Since Thomas B. Silver left off writing The Liberal Century, back at the beginning of the 21st century, the Claremont Institute, of which he was then president, has become well-known nationally for the analysis of liberalism or progressivism advanced by its fellows and affiliated scholars. The “Claremont School” generally holds that “modern liberalism, beginning with early 20th century Progressives, succeeded in overthrowing the political philosophy on which the Founders built American constitutional government.”
To continue the conversation about the meaning of America that Dr. Silver wanted to stimulate, we offer responses to his analysis and more generally to the “Claremont criticism” of progressivism.
The Moral Argument Against the Administrative State by David Tucker
“What’s Wrong With Progressivism? What’s Wrong with the Claremont Criticism of Progressivism?”contends that the best argument against the administrative state is not the theoretical argument for the state of nature and natural rights, but the moral argument about the best way to live. Charles Murray’s article “The Europe Syndrome and the Challenge to American Exceptionalism” (2009) contains a short, powerful statement of that moral argument.
In brief, Murray argues that there is such a thing as a well-lived life and that it consists in doing something important, something that requires sacrifice and effort, and accepting the responsibility of that effort and for its consequences. Murray does not mean by “something important” a history shaping act. He means being a good parent, spouse, friend, or neighbor. He contends that these important activities take place through four institutions: family, community, vocation, and faith. “The stuff of life—the elemental events surrounding birth, death, raising children, fulfilling one’s personal potential, dealing with adversity, intimate relationships—coping with life as it exists around us in all its richness—occurs within those four institutions.” The goal of social policy should be to allow those institutions – and the lives lived through them – to be as robust and vital as possible.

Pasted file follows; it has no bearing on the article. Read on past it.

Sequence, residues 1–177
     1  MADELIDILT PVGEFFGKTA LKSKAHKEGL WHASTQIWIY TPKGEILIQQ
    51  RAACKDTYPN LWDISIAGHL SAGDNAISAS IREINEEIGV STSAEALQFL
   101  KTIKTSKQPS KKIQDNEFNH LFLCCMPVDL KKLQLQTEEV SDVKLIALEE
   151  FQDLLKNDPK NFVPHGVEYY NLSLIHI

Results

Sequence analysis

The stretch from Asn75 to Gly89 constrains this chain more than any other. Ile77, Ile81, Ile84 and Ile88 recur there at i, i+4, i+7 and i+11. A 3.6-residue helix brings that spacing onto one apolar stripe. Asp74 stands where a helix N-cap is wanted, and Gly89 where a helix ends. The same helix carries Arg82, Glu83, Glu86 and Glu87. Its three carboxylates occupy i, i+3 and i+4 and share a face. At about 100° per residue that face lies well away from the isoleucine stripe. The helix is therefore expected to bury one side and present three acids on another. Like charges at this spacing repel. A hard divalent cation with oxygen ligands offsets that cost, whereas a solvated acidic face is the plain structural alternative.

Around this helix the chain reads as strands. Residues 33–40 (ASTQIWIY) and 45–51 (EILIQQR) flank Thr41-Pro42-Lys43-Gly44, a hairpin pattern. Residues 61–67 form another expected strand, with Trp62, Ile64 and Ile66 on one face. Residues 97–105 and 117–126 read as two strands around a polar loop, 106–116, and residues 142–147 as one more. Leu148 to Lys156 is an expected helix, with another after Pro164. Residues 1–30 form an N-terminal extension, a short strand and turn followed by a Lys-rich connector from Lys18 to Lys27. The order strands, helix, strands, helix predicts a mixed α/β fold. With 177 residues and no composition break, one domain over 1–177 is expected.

The administrative state is bad not because its assumptions are contrary to the state of nature and natural rights, but because it diminishes human life. It makes a well-lived life less likely by decreasing the need for serious effort and responsibility. Theda Skocpol, a leading leftist academic, made this clear in Dissent in 2012. She chided her fellow leftists for their tepid support of Obama and their criticisms of the Affordable Care Act. They failed to see how important it was. “Affordable Care, on top of Social Security, Medicare,and Medicaid, could strengthen the bond between middle-class Americans and a national government that supports security for all” (Spring, p. 101). The point was to promote dependence on the government, rather than encourage a robust, vital life.
Although it would be foolish to press this point too much, one cannot help but hear in the arguments of those like Skocpol the faint echo of those who defended slavery by claiming that the slaves were better off under the protection of their owners than they would be if they had to cope with the stuff of life on their own.